Directed by Stephen Spielberg starring Henry Thomas, Drew Barrymore, Robert McNaughton and Dee Wallace.
No other filmmaker has left his mark on childhood quite like Stephen Spielberg. He is the director kids could name long before they knew what a director did and the one millions will always associate with their first trip to the cinema.
Those who sat petrified with their feet up on the seat during 'Jaws' were followed a few years later by the ones who've watched the skies ever since seeing 'Close Encounters of the Third Kind'. Then came the droves who demanded a bull whip and stubble for their birthday after 'Raiders of the Lost Ark' and finally the generation who sat, gulped, cried and begged their parents to hook up some contraption so that ET could visit them for Christmas.
'ET' helped bring BMX's to Ireland, fuelled the pirate video phenomenon (is there anyone who didn't see this film surrounded by 20 others in someone else's living room?) and through onscreen mom Dee Wallace convinced many boys that there really was nothing wrong with fancying someone's mother. Those who saw 'ET' in 1982 left a little bit of themselves behind in Spielberg's vision of suburbia and took a away a lot more than the director could ever have imagined. Now 20 years on, those kids probably have their own kids and ET has returned to a very changed planet. The irony is we need his story of tolerance and hope more than ever.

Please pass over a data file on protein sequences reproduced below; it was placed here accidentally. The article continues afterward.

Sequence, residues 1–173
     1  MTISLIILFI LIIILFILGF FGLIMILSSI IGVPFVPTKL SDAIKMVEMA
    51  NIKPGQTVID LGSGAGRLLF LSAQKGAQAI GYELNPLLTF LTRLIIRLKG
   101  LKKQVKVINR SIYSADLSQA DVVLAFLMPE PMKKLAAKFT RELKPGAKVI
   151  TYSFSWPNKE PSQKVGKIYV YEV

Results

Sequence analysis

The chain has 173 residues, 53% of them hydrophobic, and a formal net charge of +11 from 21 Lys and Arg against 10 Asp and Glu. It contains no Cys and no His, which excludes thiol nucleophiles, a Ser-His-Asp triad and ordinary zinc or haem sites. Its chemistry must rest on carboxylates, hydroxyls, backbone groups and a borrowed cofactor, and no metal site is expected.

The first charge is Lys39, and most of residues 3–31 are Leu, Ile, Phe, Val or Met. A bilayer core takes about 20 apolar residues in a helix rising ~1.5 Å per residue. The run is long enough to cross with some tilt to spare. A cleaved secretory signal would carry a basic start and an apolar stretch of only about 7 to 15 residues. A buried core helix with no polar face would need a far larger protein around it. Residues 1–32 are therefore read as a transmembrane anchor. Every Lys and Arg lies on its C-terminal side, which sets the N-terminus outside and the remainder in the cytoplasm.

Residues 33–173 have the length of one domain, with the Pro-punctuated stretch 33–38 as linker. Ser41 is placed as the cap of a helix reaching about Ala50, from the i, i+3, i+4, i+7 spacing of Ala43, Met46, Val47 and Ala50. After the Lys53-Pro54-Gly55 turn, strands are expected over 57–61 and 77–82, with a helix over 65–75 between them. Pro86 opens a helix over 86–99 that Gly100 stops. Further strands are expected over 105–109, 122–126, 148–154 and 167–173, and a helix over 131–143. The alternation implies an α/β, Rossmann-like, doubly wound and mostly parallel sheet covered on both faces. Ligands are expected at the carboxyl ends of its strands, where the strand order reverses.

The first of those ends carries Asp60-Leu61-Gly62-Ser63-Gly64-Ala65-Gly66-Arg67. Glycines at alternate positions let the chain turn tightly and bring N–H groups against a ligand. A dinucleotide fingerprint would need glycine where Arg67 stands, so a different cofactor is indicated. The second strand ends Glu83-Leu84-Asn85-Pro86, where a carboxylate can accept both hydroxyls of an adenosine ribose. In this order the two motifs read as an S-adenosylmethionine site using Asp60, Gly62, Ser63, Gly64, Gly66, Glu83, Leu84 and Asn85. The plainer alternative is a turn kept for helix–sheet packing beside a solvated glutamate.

Spielberg has described 'ET' as his most personal film and it still sparkles with that magic dust that many spend entire careers trying to conjure up: the gift of being simple but deeply moving at the same time. Three kids (Thomas, Barrymore and McNaughton) and their uninvited guest on one side, life's big questions of love and loss on the other. Watching it is like taking a time tunnel back to when you knew less but probably understood more. And somehow the feeling is more than just nostalgia.
Given that so many have the original's grainy, home movie feel etched on their souls, it's difficult to see why Spielberg felt the need to gloss it up for the re-release. 'ET' may now have better effects, a restored soundtrack and extra scenes, but the five-year-old who can appreciate an improved audio mix should probably be in college and not the cinema. More galling is the fact that Spielberg has wiped the word 'terrorist' from the dialogue (replacing it with 'hippie') and also transformed the cops' guns into walkie-talkies. Anyone reliving this film knows that childhood doesn't last forever, but trying to shield children from the real world isn't a good plan either.
Still, such quibbles will only come to you when you've left the cinema. The technical end of the movies has moved on a long way since the first coming of 'ET', but there's something so satisfying in knowing that a rubber shape can mean more to people than a lifetime of computer generated imagery.
If this reissue seems like a cash-in, then the next generation is getting a whole more in return. You may wonder why Spielberg couldn't have waited until the little guy turned 21 to throw the party, but you know that by the time he turns 50 he – and hopefully you – will still be young at heart.